The 9th U.S. Circuit Court of Appeals affirmed a judgment against an employee’s Family and Medical Leave Act (FMLA) interference claim because she brought it more than two years after her last day of work and did not establish a willful FMLA violation.
The plaintiff was the sole proprietor of Pacific Disability Management, a company through which she provided reasonable accommodation services to employers such as the Bonneville Power Administration (BPA) to facilitate compliance with the Americans with Disabilities Act. The plaintiff contracted to work as a reasonable accommodation coordinator (RAC) with BPA, assisting employees in need of accessibility accommodations at work, training managers and employees on their rights and responsibilities, and maintaining relevant records and documents.
In late 2011, BPA declined to renew the plaintiff’s contract and instead required her to work through MBO Partners, a payroll service provider to BPA. In 2013, the plaintiff began experiencing anxiety. Her anxiety increased, and the plaintiff made a formal accommodation request through MBO Partners on March 13, 2014, that she be allowed to telework. MBO Partners informed BPA’s human resources director of the plaintiff’s accommodation request.
Shortly thereafter, the plaintiff’s anxiety further increased, and she sent BPA an e-mail indicating she was taking the week off. She took off the following week, and the next week formally invoked FMLA leave through MBO Partners. The following month, the plaintiff e-mailed a supervisor at BPA that she would be out of the office for two more weeks. The plaintiff never received any notice of her FMLA rights.
BPA began exploring whether an existing federal employee could take on the plaintiff’s responsibilities. Later that month, the plaintiff performed limited teleworking for which she billed BPA. BPA eventually paid the plaintiff for those hours. A BPA representative testified that it considered terminating the plaintiff but decided against doing so after consulting with BPA’s legal department.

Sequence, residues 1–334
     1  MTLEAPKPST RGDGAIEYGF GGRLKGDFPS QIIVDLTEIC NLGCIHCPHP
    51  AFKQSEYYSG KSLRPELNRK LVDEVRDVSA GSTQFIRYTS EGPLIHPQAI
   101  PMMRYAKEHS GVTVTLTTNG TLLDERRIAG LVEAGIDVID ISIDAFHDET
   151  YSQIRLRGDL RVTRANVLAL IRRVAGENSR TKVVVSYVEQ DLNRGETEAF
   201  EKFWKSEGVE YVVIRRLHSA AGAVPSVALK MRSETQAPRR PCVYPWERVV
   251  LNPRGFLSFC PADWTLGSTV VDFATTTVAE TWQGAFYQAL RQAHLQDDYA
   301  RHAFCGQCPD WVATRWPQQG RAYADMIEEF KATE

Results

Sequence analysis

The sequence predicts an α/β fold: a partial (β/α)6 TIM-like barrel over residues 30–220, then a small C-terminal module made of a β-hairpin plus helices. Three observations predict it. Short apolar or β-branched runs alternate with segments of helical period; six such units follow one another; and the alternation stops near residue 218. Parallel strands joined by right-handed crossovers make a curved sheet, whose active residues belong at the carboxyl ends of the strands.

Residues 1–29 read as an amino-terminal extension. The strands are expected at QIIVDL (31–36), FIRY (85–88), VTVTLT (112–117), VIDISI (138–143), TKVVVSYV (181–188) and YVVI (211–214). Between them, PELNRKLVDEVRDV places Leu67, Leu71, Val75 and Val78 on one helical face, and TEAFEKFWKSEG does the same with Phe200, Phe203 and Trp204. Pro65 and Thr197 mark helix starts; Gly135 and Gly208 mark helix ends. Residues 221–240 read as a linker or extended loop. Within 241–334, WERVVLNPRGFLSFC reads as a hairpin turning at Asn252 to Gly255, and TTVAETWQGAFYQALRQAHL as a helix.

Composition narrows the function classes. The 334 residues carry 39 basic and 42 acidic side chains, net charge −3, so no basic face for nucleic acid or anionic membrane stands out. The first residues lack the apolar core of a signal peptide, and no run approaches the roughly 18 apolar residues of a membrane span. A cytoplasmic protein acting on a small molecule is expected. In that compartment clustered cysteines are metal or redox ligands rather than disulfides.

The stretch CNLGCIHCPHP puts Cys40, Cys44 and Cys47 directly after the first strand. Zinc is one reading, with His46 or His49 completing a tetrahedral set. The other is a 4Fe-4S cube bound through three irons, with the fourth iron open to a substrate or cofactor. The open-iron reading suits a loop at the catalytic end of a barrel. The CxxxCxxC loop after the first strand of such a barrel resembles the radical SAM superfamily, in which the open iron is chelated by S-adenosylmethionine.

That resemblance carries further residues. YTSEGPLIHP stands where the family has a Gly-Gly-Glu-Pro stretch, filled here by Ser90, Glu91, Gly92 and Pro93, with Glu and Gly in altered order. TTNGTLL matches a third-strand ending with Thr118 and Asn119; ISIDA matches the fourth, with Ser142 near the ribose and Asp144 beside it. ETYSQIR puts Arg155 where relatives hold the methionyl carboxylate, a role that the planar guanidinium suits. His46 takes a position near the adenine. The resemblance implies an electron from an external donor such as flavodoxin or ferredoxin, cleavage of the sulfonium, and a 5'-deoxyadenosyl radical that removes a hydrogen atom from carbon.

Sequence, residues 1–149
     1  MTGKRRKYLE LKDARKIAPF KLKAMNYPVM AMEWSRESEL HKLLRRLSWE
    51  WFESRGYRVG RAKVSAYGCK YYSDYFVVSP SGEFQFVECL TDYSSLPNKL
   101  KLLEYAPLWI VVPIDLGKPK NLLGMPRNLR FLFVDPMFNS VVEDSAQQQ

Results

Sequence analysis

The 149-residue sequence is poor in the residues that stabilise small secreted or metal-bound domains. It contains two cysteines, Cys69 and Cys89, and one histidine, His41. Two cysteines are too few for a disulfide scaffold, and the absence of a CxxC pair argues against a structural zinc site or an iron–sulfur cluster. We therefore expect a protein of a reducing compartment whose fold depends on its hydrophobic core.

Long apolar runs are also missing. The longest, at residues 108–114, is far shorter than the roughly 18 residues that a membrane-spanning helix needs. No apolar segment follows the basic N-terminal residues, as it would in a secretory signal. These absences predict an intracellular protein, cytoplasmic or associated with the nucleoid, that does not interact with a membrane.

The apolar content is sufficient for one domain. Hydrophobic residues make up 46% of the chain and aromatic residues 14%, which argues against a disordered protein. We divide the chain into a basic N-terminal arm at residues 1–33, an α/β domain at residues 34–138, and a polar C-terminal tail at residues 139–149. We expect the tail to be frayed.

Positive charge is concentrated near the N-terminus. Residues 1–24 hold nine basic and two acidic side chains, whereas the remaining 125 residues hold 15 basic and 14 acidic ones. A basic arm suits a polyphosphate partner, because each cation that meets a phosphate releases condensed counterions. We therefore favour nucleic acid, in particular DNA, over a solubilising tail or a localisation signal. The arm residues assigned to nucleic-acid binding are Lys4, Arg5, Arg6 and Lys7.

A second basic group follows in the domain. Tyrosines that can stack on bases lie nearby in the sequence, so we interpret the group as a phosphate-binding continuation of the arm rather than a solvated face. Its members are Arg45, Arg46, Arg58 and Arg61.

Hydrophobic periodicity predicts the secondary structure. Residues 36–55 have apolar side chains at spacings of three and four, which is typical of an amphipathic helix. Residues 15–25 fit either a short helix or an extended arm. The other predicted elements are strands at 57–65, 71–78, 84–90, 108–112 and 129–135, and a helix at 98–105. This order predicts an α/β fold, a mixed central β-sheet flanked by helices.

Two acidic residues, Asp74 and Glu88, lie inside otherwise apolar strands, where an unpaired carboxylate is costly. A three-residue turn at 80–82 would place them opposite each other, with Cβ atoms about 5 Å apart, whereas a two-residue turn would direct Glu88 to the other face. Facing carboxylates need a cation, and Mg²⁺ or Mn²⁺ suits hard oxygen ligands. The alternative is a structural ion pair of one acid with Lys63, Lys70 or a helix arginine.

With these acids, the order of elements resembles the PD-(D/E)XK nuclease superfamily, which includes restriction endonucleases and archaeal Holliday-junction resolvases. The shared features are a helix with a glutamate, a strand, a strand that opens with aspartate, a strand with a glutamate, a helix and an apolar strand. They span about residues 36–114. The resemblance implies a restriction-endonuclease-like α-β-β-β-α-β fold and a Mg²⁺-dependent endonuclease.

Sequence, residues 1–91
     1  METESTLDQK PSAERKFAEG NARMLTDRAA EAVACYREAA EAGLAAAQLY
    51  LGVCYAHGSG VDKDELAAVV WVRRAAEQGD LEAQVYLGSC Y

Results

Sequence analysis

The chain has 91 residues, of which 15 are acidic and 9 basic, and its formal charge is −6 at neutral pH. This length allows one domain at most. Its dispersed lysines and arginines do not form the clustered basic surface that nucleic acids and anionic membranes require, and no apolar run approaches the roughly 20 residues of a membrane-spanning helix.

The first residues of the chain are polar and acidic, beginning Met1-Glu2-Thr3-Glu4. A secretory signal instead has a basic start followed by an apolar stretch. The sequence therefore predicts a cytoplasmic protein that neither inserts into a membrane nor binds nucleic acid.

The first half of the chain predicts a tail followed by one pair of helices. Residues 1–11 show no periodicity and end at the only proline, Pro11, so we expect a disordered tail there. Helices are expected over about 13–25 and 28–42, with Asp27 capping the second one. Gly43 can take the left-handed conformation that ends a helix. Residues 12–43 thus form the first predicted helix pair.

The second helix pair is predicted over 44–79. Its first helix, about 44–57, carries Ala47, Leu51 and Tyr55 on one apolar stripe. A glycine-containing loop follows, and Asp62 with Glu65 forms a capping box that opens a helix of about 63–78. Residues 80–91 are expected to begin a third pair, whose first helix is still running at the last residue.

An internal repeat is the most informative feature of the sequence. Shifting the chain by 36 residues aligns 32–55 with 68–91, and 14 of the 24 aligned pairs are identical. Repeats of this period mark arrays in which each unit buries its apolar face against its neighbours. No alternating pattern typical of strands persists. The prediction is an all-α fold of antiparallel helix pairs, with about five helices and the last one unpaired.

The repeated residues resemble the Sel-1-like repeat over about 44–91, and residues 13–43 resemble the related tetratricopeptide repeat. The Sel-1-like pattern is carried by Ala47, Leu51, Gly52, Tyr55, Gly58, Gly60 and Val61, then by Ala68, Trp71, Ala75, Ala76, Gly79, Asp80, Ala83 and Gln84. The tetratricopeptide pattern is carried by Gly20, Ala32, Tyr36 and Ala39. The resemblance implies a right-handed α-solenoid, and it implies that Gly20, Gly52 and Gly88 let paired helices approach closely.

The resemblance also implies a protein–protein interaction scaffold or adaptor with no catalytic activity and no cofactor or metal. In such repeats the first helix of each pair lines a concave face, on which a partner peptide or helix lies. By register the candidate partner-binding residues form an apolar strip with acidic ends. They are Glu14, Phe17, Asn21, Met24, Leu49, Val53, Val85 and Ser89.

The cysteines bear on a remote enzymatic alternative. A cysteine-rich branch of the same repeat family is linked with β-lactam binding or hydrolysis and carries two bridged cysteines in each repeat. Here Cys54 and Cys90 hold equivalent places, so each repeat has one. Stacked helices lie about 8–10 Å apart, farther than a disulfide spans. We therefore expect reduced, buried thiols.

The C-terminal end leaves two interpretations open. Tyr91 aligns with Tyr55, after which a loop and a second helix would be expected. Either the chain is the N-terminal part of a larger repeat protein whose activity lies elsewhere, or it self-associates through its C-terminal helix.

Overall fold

BPA sent the plaintiff an e-mail stating that her network access had been terminated per its security policies. Despite termination of her network access, the plaintiff still billed BPA for three hours the next month and was paid for her time. In early May, the plaintiff told BPA that she intended to attempt a trial work period, but BPA responded that she was under a stop-work order and would have to meet with a BPA manager in person before returning to work.
On June 5, the plaintiff met with a BPA representative. On June 11, BPA e-mailed the plaintiff agreeing to allow her to telework. BPA also proposed a five-hour trial work period, but the plaintiff rejected BPA’s offer and did not return to work. She never performed any further work for BPA after June 11, 2014.
The plaintiff filed a federal court complaint on March 13, 2017, and the court held a bench trial in 2018. In early 2019, it entered judgment for BPA on the plaintiff’s claims.
On appeal to the 9th Circuit, the plaintiff argued that BPA interfered with her FMLA rights by failing to provide her notice of these rights. Had BPA provided notice, the plaintiff claimed she may have structured her FMLA leave differently. She also argued that BPA’s actions during her leave exacerbated her anxiety. BPA admitted that it failed to notify the plaintiff of her FMLA rights but argued that the failure was not prejudicial.
[SHRM members-only article: What You Need to Know About … The Family and Medical Leave Act]
The 9th Circuit ruled that the district court did not err in granting judgment to BPA, due to the statute of limitations. Under the FMLA, an action must generally be brought within two years after the date of the last event constituting an alleged violation. This extends to three years for a willful violation.
The court found that BPA showed a lack of willfulness in consulting with its legal department concerning the plaintiff’s status, attempting to bring her back to work and paying her for hours worked while she was out on FMLA leave. BPA also argued that MBO Partners was the plaintiff’s primary employer, potentially relieving BPA of its duty to provide notice.
Because the plaintiff did not file her lawsuit until more than two years after her last communication with BPA, the 9th Circuit affirmed the judgment against her based on the statute of limitations.
Olson v. United States of America, 9th Cir., No. 19-35389 (Nov. 23, 2020).
Professional Pointer: Employers should seek legal advice concerning FMLA leave request issues and treat requesting employees with respect. This helps avoid legal claims and may shorten the employee’s limitations period for filing an FMLA claim from three years to two.
Jeffrey Rhodes is an attorney with McInroy, Rigby & Rhodes LLP in Arlington, Va.